"A criminal bot-herder could probably have their bots working pretty hard to brainwash various caches, significantly increasing the scope of a poisoning attack. However, they would run into the same problem mentioned in scenario #2: They could easily DDoS their criminally-controlled sites out of existence."
All of the scenarios that are presented seem to assume that an attacker is trying to get access to some form of infrastructure; be it to trick users into thinking that they are using corporate servers, where in reality they are using an attacker's site, or a home user who is being phished for payment details.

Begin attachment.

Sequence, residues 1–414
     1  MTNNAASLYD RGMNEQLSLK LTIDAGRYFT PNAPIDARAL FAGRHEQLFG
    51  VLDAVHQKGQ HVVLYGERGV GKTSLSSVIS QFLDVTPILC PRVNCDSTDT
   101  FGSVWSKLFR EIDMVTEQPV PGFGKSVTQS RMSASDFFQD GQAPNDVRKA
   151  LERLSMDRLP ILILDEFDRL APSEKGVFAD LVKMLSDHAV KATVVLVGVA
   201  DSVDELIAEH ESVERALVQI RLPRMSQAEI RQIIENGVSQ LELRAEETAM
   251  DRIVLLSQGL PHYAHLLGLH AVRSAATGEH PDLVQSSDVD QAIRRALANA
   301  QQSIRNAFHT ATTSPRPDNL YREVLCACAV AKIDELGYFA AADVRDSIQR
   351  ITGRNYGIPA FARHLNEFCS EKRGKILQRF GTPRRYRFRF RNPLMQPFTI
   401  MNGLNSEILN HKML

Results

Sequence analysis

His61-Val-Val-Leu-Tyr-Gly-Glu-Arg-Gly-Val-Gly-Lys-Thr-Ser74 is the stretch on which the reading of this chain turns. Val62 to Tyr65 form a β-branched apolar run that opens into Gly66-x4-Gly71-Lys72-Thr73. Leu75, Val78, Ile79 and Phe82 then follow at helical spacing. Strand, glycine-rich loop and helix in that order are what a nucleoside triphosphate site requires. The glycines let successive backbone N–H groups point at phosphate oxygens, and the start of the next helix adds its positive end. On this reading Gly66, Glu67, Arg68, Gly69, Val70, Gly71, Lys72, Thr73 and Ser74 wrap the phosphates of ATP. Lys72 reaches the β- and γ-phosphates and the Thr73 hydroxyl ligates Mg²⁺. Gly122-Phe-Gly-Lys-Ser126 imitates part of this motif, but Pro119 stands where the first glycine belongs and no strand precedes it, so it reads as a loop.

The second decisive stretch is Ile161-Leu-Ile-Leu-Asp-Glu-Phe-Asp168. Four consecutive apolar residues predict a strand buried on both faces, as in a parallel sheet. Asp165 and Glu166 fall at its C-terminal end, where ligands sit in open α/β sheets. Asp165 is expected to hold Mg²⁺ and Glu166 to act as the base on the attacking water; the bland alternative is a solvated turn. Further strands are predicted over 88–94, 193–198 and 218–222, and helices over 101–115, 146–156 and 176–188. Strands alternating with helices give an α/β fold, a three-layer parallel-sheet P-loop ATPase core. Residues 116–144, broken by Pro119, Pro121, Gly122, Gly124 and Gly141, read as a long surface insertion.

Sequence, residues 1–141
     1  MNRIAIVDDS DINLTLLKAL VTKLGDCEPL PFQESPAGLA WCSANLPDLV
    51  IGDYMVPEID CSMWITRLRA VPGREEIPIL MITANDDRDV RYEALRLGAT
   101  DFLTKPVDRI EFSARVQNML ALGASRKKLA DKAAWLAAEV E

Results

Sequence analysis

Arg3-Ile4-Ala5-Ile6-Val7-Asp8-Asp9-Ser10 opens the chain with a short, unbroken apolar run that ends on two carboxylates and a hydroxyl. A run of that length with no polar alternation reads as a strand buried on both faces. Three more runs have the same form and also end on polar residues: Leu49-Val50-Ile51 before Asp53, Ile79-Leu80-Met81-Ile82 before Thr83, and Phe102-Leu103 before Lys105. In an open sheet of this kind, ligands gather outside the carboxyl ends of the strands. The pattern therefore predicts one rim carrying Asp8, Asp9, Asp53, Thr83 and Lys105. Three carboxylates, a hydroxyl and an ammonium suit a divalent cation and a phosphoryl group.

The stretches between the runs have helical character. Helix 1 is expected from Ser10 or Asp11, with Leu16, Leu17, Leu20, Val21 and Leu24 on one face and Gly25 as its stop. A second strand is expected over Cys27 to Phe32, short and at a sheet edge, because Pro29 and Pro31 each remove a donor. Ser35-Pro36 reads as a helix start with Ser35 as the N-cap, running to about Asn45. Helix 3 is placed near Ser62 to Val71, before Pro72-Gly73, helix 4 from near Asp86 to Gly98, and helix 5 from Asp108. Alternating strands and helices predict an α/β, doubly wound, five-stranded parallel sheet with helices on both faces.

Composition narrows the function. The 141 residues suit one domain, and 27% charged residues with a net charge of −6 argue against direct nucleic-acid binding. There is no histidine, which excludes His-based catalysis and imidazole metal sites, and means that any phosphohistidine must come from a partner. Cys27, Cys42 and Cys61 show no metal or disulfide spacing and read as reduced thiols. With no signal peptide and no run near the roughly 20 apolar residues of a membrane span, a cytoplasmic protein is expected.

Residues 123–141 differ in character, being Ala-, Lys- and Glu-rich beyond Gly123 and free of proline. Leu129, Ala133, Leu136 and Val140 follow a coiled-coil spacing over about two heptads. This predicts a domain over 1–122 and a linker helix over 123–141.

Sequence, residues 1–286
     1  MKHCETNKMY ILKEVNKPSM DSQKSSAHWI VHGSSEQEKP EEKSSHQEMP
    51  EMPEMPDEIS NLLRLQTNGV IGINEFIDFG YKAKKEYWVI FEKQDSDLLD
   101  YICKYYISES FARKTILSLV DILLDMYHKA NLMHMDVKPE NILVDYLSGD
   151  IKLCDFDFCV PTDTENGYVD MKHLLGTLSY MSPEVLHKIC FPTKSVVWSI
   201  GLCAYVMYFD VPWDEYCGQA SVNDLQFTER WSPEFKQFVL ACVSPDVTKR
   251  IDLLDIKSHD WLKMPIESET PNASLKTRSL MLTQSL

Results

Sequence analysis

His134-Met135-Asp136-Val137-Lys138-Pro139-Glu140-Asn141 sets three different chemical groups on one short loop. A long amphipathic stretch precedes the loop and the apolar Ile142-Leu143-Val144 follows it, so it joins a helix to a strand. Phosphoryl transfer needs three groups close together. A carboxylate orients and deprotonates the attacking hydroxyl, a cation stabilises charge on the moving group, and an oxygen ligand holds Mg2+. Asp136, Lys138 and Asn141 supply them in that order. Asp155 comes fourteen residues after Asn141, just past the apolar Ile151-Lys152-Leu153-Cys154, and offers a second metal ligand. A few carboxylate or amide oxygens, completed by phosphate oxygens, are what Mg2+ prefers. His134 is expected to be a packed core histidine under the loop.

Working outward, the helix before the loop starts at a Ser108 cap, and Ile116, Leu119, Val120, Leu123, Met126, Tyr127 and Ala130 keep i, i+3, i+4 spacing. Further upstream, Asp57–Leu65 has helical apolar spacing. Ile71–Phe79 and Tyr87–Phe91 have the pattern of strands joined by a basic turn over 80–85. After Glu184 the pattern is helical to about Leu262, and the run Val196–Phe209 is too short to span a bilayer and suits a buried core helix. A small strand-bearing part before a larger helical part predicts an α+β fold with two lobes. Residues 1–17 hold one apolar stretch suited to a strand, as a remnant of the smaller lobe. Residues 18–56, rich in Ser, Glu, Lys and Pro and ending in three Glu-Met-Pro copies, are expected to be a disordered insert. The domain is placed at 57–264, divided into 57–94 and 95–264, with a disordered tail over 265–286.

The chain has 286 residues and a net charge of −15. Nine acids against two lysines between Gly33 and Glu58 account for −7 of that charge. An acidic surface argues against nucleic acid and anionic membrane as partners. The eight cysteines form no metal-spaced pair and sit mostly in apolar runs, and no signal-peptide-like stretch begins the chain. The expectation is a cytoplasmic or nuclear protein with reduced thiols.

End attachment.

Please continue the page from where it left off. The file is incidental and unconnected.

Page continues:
The scenario described above make me wonder though; how hard would it be for large botnets to poison a huge amount of vulnerable web servers to redirect traffic away from the victim's site.
For example, how happy would Amazon or Ebay be when a botnet decided to poison all the resolvers it could find with random IP addresses for their sites, causing users to be unable to reach them? That could potentially be pretty bad.
Now that most major sites are hopefully patched, or soon will be, the potential to disrupt the Internet as a whole seems to be diminishing rapidly. Still; there are more than enough unpatched servers out there to cause some serious inconvenience.
And don't forget; port randomization makes the attack harder but not impossible.